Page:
Every company has an intrinsic value. It's based on the amount of cash the business will generate, along with the time frames in which those cash flows will occur. To calculate what a company is worth, you simply need to follow a few straightforward steps:
- Figure out how much money a company will make in the future.
- Discount those future earnings to what they're worth today.
- Add up those discounted earnings to come up with the total value.
Of course, that's easier said than done. To know what a company will make this year, next year, or even 10 years from now requires a level of foresight that we mere mortals simply do not possess. In fact, no matter how you go about projecting the future, the odds are that you're probably wrong.
Don't feel bad about that, though. You're in good company. In truth, none of us can predict precisely what will happen to a company. Believe it or not, this is good news. As an individual investor, you can take advantage of this uncertainty in ways that the Wall Street pros simply cannot.
The biggest problem facing Wall Street is that its primary job is managing other people's money. When a company looks as though it won't be living up to previous expectations, its shares adjust downward accordingly. (That's Wall Street lingo for "fall off a cliff.") Professional money managers don't particularly like being caught holding such a hot potato. It can ruin their reputations and raise the risk that the investors whose money they're managing will take their remaining cash elsewhere.
As a result, when a company lowers guidance, its shares will often drop much farther than its new reality would justify. This is particularly likely when a company announces that its pain is due to significant investments for its future. It seems to be happening right now, in fact, to technology juggernaut and Motley Fool Inside Value selection Microsoft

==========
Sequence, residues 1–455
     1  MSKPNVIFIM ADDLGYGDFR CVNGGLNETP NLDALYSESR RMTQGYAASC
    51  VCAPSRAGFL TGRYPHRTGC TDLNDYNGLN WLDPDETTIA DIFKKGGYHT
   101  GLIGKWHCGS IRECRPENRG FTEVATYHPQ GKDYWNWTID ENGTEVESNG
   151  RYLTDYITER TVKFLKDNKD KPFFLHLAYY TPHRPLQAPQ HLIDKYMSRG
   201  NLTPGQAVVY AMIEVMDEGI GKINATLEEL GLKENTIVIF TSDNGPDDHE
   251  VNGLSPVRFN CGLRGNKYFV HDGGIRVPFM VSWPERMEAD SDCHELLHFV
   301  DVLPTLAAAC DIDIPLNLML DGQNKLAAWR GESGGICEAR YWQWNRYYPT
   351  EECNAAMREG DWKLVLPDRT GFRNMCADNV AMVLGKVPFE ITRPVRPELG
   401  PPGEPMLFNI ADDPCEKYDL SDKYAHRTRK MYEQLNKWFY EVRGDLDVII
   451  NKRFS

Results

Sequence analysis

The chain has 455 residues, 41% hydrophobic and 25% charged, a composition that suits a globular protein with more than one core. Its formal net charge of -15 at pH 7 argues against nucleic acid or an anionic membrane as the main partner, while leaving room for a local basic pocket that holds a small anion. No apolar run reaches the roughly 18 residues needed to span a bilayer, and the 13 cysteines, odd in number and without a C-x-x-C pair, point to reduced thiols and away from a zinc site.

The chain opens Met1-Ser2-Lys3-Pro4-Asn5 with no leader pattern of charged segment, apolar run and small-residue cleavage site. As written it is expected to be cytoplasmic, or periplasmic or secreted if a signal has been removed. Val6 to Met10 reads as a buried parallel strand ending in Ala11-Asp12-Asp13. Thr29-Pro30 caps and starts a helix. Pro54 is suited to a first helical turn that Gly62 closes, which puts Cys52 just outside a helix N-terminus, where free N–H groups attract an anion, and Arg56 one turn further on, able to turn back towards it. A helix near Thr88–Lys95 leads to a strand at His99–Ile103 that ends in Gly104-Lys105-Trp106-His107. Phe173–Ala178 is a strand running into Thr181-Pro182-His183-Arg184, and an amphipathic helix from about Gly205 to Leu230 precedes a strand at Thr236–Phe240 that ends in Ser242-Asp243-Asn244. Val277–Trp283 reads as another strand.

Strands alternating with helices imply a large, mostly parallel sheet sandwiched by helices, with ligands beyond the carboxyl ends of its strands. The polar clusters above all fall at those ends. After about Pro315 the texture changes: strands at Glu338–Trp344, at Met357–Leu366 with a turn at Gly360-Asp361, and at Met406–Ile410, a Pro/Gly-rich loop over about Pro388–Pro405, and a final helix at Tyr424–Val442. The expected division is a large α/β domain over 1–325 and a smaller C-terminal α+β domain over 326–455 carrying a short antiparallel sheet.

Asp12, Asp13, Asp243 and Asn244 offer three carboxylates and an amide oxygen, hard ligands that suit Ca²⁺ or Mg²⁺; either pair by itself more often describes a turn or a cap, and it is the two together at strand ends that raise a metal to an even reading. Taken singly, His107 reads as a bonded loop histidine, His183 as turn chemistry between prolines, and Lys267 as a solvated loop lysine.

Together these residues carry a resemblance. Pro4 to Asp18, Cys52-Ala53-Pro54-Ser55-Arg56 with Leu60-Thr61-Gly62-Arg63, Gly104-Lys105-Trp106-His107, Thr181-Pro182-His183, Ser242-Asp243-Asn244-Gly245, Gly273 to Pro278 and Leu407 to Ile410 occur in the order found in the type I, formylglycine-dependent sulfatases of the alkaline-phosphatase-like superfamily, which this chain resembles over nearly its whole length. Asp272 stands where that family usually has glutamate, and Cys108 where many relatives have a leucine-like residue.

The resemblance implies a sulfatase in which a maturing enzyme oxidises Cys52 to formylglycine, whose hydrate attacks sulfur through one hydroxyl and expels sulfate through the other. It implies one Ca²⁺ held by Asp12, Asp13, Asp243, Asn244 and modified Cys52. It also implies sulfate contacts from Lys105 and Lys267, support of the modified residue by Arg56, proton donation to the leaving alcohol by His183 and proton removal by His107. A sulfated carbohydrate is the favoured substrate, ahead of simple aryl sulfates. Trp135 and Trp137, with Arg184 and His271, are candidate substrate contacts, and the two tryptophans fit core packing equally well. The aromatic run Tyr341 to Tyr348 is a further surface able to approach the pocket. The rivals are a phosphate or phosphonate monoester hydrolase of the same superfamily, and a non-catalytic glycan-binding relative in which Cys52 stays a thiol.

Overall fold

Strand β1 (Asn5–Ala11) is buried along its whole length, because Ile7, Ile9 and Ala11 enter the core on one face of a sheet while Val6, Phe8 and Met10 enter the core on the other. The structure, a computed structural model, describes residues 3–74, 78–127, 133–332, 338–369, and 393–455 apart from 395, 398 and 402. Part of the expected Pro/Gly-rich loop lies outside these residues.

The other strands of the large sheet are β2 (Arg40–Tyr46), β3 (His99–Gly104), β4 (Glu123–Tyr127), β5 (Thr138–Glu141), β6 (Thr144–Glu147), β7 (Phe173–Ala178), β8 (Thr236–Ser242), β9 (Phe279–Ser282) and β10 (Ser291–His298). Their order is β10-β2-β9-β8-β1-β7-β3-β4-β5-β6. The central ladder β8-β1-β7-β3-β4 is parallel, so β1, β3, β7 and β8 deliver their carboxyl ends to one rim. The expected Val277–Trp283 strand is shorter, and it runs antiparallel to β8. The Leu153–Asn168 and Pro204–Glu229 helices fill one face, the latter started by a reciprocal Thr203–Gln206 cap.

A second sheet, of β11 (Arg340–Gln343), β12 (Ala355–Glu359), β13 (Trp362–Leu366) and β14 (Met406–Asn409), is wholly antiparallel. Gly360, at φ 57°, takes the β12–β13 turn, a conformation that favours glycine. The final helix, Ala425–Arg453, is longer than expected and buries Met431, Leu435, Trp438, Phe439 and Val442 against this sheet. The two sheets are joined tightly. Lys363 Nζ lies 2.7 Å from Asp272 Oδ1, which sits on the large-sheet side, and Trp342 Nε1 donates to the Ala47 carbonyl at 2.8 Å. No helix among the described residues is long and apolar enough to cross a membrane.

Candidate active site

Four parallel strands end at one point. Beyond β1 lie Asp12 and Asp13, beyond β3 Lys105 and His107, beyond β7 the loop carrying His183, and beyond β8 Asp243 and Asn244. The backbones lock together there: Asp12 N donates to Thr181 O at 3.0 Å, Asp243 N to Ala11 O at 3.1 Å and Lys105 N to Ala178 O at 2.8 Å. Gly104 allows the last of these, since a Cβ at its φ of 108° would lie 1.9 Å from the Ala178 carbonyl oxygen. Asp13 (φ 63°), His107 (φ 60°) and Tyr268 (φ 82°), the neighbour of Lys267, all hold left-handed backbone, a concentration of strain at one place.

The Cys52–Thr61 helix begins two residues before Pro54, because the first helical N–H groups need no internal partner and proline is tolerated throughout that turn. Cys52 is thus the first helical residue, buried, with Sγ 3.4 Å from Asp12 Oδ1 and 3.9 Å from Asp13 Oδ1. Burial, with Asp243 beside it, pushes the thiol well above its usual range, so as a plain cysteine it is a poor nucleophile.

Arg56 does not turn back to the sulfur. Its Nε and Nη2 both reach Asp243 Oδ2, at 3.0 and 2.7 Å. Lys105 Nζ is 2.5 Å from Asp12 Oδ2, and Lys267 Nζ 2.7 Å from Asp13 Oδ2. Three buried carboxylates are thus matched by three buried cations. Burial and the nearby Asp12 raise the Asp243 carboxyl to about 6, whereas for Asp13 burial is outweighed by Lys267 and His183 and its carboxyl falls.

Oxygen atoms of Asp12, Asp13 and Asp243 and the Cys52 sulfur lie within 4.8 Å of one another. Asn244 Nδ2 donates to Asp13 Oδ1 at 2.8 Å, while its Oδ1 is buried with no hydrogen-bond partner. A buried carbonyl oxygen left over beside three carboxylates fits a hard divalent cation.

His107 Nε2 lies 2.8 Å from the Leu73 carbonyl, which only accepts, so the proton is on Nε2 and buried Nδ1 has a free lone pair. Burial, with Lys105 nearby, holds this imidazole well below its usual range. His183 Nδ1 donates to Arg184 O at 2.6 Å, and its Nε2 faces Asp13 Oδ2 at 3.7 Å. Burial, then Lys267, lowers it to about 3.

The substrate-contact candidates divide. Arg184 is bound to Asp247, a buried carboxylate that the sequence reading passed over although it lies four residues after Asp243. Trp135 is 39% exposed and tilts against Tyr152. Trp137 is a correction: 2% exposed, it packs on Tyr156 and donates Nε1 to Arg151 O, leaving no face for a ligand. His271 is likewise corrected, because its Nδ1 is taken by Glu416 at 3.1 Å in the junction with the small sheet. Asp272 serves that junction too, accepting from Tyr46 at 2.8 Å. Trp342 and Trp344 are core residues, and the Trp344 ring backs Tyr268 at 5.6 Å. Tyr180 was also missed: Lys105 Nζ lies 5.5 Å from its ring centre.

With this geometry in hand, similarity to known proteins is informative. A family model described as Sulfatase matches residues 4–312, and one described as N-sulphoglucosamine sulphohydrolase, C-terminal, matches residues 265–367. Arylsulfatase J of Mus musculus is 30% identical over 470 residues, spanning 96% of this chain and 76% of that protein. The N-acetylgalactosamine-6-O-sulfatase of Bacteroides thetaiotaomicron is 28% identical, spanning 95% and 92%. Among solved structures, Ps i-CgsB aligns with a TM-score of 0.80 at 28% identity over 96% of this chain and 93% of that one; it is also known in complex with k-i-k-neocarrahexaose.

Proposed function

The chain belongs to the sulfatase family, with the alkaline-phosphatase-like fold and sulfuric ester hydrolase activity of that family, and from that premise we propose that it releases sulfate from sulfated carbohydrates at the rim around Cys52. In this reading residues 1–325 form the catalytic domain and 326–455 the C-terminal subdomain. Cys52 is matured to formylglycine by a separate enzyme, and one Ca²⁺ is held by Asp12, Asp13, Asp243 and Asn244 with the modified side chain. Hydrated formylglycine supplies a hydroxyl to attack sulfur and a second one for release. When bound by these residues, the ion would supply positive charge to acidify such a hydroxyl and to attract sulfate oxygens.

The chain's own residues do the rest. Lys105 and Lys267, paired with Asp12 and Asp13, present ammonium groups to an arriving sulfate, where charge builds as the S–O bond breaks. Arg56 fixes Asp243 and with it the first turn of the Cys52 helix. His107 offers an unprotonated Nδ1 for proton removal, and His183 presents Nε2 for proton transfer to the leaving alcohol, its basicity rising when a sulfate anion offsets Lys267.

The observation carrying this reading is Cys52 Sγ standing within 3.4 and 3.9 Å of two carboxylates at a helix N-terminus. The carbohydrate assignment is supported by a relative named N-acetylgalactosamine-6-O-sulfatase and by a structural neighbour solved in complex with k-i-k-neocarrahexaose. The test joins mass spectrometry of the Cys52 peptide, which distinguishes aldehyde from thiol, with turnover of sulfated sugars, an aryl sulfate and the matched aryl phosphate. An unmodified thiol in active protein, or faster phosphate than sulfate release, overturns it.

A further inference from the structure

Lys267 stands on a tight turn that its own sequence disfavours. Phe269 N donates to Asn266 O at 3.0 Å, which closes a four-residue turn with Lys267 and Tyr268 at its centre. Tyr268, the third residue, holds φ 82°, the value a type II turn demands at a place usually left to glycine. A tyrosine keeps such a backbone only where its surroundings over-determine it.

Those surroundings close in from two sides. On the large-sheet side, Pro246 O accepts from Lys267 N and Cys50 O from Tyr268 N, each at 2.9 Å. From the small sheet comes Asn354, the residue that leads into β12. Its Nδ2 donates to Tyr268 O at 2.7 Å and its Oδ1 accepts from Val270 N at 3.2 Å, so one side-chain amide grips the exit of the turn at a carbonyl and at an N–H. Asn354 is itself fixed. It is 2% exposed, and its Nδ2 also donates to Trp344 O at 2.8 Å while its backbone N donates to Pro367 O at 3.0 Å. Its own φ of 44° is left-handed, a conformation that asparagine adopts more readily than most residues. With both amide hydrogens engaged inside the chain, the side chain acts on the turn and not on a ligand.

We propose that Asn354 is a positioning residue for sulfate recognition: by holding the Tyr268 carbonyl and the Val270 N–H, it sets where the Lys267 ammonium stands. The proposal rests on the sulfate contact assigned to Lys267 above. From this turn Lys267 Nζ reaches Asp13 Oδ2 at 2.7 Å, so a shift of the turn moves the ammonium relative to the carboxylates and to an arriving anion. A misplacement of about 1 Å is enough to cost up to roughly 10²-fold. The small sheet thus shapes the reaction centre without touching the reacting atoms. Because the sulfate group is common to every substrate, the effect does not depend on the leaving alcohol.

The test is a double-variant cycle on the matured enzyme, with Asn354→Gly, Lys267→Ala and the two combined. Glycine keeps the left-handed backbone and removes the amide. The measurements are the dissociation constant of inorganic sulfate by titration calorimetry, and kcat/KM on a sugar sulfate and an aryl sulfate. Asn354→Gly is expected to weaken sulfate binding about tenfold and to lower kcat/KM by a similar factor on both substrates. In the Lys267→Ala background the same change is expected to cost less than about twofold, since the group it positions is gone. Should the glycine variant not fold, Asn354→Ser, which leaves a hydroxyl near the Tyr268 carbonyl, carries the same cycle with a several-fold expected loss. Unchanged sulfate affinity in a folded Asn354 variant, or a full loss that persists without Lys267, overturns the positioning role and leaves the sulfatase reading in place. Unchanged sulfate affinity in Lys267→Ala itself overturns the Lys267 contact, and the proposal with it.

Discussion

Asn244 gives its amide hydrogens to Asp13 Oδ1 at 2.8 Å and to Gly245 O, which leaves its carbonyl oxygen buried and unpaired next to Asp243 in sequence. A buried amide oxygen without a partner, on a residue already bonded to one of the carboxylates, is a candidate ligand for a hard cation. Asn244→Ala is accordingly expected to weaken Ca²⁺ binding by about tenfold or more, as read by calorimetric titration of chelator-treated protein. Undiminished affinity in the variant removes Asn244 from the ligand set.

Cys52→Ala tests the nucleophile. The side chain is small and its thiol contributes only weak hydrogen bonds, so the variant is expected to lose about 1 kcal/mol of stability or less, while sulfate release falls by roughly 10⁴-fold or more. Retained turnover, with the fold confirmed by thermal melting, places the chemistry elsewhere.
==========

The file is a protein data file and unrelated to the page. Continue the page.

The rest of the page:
Wall Street saw the announcement, noticed the $2 billion price tag, and immediately knocked Microsoft's shares into the cellar. Its shares traded around $27.25 immediately before the announcement, dropped as low as $24.09 in the next session, and it ultimately fell to $22.73 in the following weeks. All told, more than 16% of the company's market cap evaporated, largely because of that announcement and the company's lowered near-term guidance.
The long-term view
Yet shareholders who cared about the long-term health of the business cheered the news. After all, Google
That was important news to hear. After all, we've seen what happened to other former near-monopolies who refused to adapt to the world around them. The original AT&T
It's true that $2 billion is a large chunk of money, and it's also true that Microsoft kept mum on its exact plans for that cash. Even so, consider that Microsoft has some $34.8 billion in cash and short-term investments on its balance sheet, and threw off nearly $16 billion in free cash flow over the past year. If there's a company capable of absorbing $2 billion in additional investment, it's Microsoft. If there's a company that needs to make that kind of investment to avoid the fate of so many failing former near-monopolies before it, it's Microsoft as well.
Profit from the conflict
As much as we individual investors would like to think otherwise, Wall Street and its short-term opinion determine a stock's current price. When its opinion turns so solidly negative against a company with such substantial long term potential, you can profit from the situation. Simply by realizing that the long-term future looks brighter than the short-term pain, you can buy and wait out the rough spots. Eventually, the market will forget its jitters and return the stock to a price closer to its true worth. This investing style is precisely what we use at Inside Value, and it's a major reason why our service is handily beating the market, despite investing largely in firms once given up for dead.
Microsoft's $2 billion investment could indeed hamper its earnings over the next fiscal year. Yet if that money is properly deployed, it will help reinvigorate and reenergize the largest, most powerful software firm on the planet. As the company benefits from the longer-term returns on those invested dollars, the investors who bought when things looked their worst on Wall Street will stand to profit the most.
If you're ready to look past short-term weakness and profit from investing in fundamentally strong businesses, join Motley Fool Inside Value today. Or take 30 days to kick our tires, at no cost to you.
At the time of publication, Fool contributor and Inside Value team member Chuck Saletta owned shares of Microsoft and General Motors. AT&T and SBC were both former Motley Fool Stock Advisor picks. The Fool has a disclosure policy.